Opening to the unexpected strains of The Stranglers' 1977 single "Peaches"—a loping, keyboard-and-bass-driven song about ogling girls on summer beaches—Sexy Beast languishes over Winstone's Gal as his lotion-slathered frame bakes in the Spanish sun like a suckling over a spit. This is the picture of retirement: Done with the life, Gal and his wife DeeDee (Amanda Redman) reside in a hillside hacienda with a pool, where he's free to spend his afternoons tanning to a crispy brown, and his evenings filling his ever-expanding belly with calamari and cocktails.
Unlike many criminals, Gal feels no compulsion to continue rolling the dice until they inevitably come up snake eyes. One of the things I like about the first 10 minutes of Sexy Beast—and part of what separates it from other films in the crime genre—is that Gal has actually achieved the retirement that's so elusive to other movie hoodlums. It's one thing to talk about the big score that's going to put you on a beach forever, but who ever gets there? And even if a crook survives long enough to retire, can he really settle down to a life of leisure? Improbably, Gal is capable of doing just that, and this magical sequence reveals how easily he was able to leave the London underworld in the past:
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The mere mention of the name "Don Logan" throws a black cloud over paradise. The mere mention of the name "Don Logan" throws a black cloud over paradise. Out dining with his cohort Aitch (Cavan Kendell) and Aitch's wife Jackie (Julianne White), Gal gets word that Don needs him on a job and is due to fly in the next morning, with the intention of staying until he gets the answer he's looking for. As with Ving Rhames in Pulp Fiction, the back of Kingsley's head gets introduced first as he strides purposefully down an airport corridor; when we finally see his face, it's stony and mirthless, as calibrated to intimidate as the rat-a-tat profanities that he spits out like machine-gun bullets. He's a deeply unsavory character, and Kingsley plays him as more animal than human, a creature driven by brutish instinct, incapable of compassion or even participating in small talk. (At one point, Glazer has him urinating on the bathroom floors, as if to mark his territory.)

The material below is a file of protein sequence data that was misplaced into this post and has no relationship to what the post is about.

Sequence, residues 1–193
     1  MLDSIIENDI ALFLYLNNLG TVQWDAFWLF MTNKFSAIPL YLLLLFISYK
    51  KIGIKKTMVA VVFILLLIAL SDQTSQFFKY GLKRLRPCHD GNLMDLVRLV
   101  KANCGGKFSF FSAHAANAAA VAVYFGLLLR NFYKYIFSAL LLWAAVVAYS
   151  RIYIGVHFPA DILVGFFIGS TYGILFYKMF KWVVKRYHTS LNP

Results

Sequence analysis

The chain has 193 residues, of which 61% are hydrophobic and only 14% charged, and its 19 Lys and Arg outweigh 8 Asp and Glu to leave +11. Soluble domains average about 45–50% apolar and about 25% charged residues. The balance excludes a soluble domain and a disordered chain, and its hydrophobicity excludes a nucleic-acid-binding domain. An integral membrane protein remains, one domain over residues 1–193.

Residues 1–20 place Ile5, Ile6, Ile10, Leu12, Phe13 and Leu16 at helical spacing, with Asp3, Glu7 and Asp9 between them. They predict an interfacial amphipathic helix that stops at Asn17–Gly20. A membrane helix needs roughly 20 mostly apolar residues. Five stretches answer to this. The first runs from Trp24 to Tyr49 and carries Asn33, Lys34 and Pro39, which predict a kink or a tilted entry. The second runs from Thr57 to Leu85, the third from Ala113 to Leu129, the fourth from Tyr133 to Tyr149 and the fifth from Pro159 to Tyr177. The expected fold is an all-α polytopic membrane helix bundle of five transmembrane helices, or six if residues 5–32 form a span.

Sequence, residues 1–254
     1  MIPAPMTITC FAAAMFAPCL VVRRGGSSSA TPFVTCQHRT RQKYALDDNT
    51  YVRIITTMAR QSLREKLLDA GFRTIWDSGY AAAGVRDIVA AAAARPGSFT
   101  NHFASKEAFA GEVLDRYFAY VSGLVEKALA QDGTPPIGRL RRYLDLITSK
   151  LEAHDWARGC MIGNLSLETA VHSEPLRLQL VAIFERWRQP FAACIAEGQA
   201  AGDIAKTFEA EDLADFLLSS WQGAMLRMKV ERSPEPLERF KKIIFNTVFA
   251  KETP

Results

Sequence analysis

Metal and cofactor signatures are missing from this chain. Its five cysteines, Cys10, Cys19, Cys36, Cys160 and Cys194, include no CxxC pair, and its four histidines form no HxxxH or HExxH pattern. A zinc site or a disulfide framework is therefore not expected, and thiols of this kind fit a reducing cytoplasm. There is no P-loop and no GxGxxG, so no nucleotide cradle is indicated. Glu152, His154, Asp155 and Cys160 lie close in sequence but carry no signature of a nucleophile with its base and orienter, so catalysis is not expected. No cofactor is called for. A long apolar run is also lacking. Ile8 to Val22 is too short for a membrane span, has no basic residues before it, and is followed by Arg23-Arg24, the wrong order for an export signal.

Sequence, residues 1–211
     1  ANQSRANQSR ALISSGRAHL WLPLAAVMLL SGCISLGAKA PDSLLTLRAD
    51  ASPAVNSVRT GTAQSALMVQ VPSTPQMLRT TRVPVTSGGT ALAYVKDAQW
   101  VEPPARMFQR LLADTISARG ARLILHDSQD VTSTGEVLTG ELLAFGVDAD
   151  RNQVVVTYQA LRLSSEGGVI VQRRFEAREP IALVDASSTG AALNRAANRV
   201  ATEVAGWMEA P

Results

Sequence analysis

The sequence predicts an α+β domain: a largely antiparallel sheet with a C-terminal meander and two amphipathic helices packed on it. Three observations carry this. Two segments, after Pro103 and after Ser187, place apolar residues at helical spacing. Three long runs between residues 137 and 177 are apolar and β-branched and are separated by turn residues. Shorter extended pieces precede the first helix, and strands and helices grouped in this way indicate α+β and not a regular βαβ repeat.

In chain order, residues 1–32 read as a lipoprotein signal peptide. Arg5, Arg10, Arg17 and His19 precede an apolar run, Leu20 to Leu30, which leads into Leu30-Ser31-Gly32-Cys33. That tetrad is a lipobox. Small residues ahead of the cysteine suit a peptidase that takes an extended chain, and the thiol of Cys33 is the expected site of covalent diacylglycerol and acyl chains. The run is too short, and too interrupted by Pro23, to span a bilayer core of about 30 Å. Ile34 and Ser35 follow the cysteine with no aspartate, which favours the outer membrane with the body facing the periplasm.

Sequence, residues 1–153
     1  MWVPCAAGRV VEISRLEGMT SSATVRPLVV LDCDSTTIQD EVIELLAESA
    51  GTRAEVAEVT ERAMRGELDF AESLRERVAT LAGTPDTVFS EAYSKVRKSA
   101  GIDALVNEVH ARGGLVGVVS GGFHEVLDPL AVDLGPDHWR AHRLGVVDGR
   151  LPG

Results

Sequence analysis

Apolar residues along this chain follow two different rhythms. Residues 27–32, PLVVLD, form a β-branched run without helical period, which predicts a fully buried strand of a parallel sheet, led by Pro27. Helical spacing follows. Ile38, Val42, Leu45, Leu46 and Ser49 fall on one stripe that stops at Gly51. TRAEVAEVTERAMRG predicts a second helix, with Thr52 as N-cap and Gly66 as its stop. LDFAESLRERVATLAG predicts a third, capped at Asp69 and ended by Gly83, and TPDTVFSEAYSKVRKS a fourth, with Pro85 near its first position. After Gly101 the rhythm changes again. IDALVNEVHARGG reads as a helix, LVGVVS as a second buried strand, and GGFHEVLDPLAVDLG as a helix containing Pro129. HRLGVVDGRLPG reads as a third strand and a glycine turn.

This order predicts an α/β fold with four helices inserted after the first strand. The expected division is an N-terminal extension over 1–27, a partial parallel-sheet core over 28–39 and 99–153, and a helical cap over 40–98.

Sexy Beast is only 89 minutes long, but nearly an entire hour of that time is devoted to Don convincing Gal to come back to London to lead an eight-man team in pulling off an impossible bank heist. The heist itself is virtually an afterthought. Here again, Glazer and his screenwriters, Louis Mellis and David Scinto, are toying with genre conventions: Normally, convincing an ex-con to do "one last job" takes a few minutes of screen time, and the rest is devoted to planning and execution. In this case, the planning has already been done, but getting the hero involved turns into an escalating battle of wills. Gal says "no," Don says "yes," and the détente continues until Kingsley gets really insistent. But first come hilarious exchanges like these: